Tampa Mayor Pam Iorio tells City Council that the city must cut $27 million from next year's budget

The actual deficit is over $42 million, but the city will use nearly $15 million in reserves to close the gap.   Of the city's Fiscal Year 2010 budget, 55% of it goes towards salaries, and 15% for benefits (health care, pensions).

Then there's the state mandated cap on property taxes, which the Mayor has excoriated in recent media interviews as a problem that is severely hurting municipalities throughout Florida.  She did again today.

City Councilwoman Linda Saul-Sena suggested during the briefing that, "theoretically, we could use the fund balance (reserves) to make our budget whole."  Iorio replied that yes, theoretically that was possible, but,"I just can't do it.  I don't think it's in the best interests in the city to do it."  Iorio said it was extremely important to always keep 20% of reserves set aside in case of a catastrophic incident, and has helped the city maintain a healthy bond rating.     Saul-Sena she agreed.

As  far as where to cuts might come from, the Mayor did make one suggestion during the meeting this afternoon.  Calling it "just in time inventory," the mayor said the city currently has 4 warehouses that the city stocks that she called "old-fashioned," saying other government have contracted out such services.  "I would ask for you to consider this when my staff discusses this with you," though she said if they did not want to do that she would respect it.  "I feel compelled to bring this proposal before you."

The Mayor mentioned consolidation as a possibility with Hillsborough County, but she said that previous discussions with that body have not proven very "fruitful" in the past.

Commission Chair Thomas Scott said everything should be on the table in terms of possible cuts.

Federal stimulus money has been very fruitful for the city in terms of dollars that have come to Tampa in the last year, and Iorio said today that the city is working with a member of the law firm of Holland and Knight to investigate further opportunities to apply for more of that this year.

After the meeting, Councilman Charlie Miranda told CL that he could see the city start charging fees for services.   "I'm not surprised.....when things are bad, they're bad."  Miranda said the budget cuts are now getting to the point where the city hasn't been able to provide the normal level of services as you have before...in my mind, sooner or later it's going to cost the taxpayers for the use of the city product, whatever it might be."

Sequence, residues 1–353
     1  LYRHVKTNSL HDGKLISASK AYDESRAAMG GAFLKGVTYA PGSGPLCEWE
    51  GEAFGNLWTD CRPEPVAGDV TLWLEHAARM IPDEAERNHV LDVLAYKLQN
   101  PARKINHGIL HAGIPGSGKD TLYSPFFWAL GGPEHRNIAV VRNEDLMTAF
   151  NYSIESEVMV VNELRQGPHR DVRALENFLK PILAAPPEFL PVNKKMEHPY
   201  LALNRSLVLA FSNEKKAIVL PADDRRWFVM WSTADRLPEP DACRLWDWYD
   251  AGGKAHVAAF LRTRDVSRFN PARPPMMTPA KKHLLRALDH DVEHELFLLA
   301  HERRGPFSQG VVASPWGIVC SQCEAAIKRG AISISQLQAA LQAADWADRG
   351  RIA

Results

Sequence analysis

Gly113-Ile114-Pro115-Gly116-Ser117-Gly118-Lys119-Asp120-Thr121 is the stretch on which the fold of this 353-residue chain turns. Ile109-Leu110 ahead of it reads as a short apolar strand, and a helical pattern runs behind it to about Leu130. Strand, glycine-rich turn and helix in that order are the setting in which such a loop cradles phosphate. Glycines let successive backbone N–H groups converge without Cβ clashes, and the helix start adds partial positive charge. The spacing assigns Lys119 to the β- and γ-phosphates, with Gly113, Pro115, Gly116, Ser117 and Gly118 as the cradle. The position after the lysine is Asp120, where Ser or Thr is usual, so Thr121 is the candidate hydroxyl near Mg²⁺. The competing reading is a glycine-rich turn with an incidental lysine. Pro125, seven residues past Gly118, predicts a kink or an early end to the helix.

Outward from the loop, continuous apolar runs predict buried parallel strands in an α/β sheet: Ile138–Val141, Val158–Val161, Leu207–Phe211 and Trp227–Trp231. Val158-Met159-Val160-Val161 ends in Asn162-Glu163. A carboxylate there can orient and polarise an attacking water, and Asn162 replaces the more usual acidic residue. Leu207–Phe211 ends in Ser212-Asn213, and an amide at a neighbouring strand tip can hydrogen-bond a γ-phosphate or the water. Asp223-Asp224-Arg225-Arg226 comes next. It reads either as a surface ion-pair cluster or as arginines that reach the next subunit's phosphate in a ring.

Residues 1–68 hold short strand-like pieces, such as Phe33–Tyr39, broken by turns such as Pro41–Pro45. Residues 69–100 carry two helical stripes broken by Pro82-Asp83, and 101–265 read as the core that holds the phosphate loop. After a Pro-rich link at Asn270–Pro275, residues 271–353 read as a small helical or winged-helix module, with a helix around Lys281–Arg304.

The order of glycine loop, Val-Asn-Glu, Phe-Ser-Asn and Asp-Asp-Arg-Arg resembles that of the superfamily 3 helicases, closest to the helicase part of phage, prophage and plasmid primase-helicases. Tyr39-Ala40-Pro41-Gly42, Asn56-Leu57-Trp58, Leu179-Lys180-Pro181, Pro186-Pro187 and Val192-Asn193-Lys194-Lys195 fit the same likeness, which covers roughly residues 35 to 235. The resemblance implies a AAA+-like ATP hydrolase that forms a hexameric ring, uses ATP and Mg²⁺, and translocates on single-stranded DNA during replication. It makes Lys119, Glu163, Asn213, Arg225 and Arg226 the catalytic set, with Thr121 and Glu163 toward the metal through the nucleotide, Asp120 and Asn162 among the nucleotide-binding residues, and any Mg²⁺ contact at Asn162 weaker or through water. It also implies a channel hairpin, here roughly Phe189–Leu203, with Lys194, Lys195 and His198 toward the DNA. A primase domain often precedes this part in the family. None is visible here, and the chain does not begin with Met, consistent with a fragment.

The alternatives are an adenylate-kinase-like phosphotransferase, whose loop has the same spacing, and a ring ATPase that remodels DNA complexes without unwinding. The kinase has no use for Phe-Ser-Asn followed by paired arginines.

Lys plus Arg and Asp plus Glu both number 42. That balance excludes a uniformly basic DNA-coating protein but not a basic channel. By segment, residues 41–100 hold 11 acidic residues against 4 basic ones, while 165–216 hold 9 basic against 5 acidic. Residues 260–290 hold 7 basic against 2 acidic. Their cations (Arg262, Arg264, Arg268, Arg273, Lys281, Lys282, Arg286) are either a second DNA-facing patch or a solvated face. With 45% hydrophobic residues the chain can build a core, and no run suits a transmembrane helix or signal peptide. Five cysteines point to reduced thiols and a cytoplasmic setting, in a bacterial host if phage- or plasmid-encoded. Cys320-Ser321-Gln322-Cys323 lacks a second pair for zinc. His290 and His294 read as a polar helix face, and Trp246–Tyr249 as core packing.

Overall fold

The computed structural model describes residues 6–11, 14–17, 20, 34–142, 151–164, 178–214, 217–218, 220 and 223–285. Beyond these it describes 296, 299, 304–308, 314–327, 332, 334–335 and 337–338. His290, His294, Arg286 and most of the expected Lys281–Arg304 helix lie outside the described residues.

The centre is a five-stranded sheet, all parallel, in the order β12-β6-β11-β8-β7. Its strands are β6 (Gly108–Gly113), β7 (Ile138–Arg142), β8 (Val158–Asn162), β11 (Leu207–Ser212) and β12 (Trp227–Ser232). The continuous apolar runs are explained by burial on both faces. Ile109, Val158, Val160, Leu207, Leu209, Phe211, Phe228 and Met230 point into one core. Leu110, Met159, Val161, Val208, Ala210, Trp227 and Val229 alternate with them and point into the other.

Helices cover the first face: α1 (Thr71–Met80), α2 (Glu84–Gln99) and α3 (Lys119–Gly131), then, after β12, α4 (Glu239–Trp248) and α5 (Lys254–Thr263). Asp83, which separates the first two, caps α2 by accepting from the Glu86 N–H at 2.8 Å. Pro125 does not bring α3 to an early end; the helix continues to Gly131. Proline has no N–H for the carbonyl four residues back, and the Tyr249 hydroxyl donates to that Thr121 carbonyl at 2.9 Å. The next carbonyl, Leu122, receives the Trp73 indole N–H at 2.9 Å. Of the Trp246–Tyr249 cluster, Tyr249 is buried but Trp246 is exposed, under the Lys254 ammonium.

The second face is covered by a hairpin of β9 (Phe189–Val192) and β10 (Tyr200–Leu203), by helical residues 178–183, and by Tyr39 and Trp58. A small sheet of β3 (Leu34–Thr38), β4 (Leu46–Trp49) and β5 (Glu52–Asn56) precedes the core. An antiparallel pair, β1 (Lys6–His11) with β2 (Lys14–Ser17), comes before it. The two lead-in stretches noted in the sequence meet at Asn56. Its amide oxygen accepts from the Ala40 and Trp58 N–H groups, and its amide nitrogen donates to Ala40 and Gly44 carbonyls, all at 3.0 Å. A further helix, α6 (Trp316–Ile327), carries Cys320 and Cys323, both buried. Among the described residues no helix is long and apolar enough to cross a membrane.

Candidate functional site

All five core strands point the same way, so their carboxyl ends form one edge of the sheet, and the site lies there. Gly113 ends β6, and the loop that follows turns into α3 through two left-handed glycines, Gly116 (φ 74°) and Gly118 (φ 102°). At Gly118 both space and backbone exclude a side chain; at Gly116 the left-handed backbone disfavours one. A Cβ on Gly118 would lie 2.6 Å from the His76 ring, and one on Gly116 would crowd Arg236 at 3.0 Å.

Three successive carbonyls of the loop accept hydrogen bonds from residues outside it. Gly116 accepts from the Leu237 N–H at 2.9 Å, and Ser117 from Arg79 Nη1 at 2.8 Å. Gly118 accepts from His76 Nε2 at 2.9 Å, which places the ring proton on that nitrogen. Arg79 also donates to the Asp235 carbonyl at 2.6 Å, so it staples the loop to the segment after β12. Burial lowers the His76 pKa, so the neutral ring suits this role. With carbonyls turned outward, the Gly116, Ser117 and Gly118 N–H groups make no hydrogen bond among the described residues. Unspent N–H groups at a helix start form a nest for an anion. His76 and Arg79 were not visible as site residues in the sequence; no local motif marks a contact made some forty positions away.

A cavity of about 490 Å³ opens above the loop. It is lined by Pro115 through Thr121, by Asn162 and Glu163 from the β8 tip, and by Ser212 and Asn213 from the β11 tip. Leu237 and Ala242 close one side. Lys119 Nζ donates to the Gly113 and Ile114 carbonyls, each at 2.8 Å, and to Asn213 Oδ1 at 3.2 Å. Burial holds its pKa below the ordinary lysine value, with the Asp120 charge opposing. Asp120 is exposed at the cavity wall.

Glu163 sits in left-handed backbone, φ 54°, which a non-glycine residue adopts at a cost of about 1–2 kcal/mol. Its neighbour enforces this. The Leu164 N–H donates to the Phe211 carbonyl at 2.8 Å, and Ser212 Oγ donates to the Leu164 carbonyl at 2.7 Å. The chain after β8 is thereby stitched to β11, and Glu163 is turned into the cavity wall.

This afternoon, Tampa Mayor Pam Iorio and her Revenue & Finance Director, Bonnie Wise, briefed members of the City Council on the city's financial status going into the 2011 fiscal  year.  The outlook: cut over $27.5 million by October 1.

Such meetings over the past few years have become commonplace at City Hall.  In the past three years, the city has cut $92 million from its operations and over 500 employee, but Iorio said today that this next $27 million could be the toughest yet.

"It's really rather amazing that we've had $92 million of cuts and we really haven't had people lined up at your council meetings week after week talking about things," she told six of the council members seated around a table (John Dingfelder was absent).  "But this next $27 million, you may hear more," she warned.

Wise said that the assumptions are that property taxes will drop 8.5% in the coming year, and there could be a sales tax decline of $10 million as well accounting for the reduced money coming in.

Scroll to read more News Feature articles


Join Creative Loafing Tampa Bay Newsletters

Subscribe now to get the latest news delivered right to your inbox.